Location: 322 Market Street
Hours: 9:00 – 5:00 daily
Transit: 5th Street (MFL) Jefferson Station (RR) 2,21 (Phlash)
Being one of the most famous figures in American history, and easily the most famous Philadelphian, the name of Benjamin Franklin can be found throughout the city. Many travelers come from over the Ben Franklin Bridge, Franklin Square is one of the five main squares, and there is, of course, the beloved Franklin Institute. However, Franklin Court has the distinction of being from his time, and to visitors today is solely dedicated to the life of Benjamin Franklin. This courtyard is located in the middle of the block, as the post office and printing shop, both founded by Franklin, occupy the Market Street side. To the south, there’s a narrow alleyway next to the National Liberty Museum that leads to the courtyard.
On the buildings along Market Street, exhibits highlight Franklin’s role in the printing industry in early America. The Printing Office gives demonstrations of 1700’s printing methods, with reproductions of printing presses from the time. National Park Service rangers perform these demonstrations, and crowds may be moved along if it is busy. On the other side of the courtyard, B. Free Franklin Post Office is an active post office, but it also has artifacts from colonial times.
The house in which Franklin lived has since been demolished, although a white frame stands on the site of the original house. Parts of the basement have been excavated, and are visible beneath a sheet of glass properly positioned to prevent light from coming in. They may be small and in poor condition, but yet it’s fascinating to think that Benjamin Franklin lived his daily life walking on the floorboards down there. Floor plans show what the layout of his house was like. A smaller frame exists on the former site of the print shop, which was also demolished.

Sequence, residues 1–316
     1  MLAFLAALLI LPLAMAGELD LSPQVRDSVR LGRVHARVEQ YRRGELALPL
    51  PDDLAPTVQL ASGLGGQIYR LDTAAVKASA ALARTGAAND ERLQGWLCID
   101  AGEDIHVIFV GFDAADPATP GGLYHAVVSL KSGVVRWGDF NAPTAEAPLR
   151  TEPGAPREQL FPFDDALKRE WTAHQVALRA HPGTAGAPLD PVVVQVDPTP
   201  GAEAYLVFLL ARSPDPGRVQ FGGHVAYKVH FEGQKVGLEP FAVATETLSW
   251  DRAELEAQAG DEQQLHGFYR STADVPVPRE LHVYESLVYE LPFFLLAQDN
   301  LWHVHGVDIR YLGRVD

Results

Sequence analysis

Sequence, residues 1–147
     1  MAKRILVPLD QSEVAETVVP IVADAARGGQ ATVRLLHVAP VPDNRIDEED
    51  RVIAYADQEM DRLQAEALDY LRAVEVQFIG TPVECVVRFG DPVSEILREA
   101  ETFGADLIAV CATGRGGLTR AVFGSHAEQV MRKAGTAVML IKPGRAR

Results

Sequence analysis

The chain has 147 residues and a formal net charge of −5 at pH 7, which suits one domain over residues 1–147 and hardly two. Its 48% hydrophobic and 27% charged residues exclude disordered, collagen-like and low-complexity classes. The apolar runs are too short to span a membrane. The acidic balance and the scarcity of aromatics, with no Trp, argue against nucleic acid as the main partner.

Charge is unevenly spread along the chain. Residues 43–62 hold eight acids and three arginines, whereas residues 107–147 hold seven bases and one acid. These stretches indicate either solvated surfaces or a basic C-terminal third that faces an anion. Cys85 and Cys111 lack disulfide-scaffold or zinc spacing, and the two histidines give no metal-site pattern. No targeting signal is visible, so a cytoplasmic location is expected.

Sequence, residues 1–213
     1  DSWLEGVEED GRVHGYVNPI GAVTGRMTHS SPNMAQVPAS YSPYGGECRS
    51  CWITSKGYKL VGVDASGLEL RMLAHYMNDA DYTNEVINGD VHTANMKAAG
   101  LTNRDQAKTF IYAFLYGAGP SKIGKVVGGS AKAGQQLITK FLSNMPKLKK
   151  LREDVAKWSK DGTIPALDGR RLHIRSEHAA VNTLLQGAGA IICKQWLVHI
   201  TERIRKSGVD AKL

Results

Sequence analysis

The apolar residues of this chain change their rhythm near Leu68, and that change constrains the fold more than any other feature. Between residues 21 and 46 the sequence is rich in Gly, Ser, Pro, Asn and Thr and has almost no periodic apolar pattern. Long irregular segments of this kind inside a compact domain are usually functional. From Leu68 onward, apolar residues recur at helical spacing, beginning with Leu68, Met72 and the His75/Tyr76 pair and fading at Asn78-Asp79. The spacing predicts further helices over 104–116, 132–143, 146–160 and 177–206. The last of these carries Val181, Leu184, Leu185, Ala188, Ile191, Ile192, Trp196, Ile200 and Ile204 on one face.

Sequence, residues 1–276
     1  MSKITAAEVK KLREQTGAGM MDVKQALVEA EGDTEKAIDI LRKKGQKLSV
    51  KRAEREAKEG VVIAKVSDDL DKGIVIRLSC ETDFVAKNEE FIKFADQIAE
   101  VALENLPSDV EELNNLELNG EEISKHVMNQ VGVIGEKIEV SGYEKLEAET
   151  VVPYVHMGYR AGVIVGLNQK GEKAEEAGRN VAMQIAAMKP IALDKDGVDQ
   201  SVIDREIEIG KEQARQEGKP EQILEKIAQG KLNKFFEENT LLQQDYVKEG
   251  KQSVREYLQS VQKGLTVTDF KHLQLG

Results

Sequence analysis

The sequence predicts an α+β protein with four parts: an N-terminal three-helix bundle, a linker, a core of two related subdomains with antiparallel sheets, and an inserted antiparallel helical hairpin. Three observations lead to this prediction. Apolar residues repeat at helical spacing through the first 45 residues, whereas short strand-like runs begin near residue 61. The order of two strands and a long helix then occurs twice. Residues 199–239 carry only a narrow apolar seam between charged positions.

Another highlight is the Ben Franklin Museum, which is located in the southwest corner of the courtyard. This family-friendly museum documents Franklin’s life through a variety of displays, including animations and audio clips. It’s very kid friendly, and is very interactive. The museum focuses less on what Franklin did, but rather who he was. Therefore, the museum is divided into sections highlighting aspects of his personality, rather than his physical accomplishments. Despite that, it still contains several artifacts from the time, as well as everyday things that were invented by Franklin.
All of the sights in Franklin Court are free, except for the Benjamin Franklin Museum. That costs $5 for adults, and $2 for children.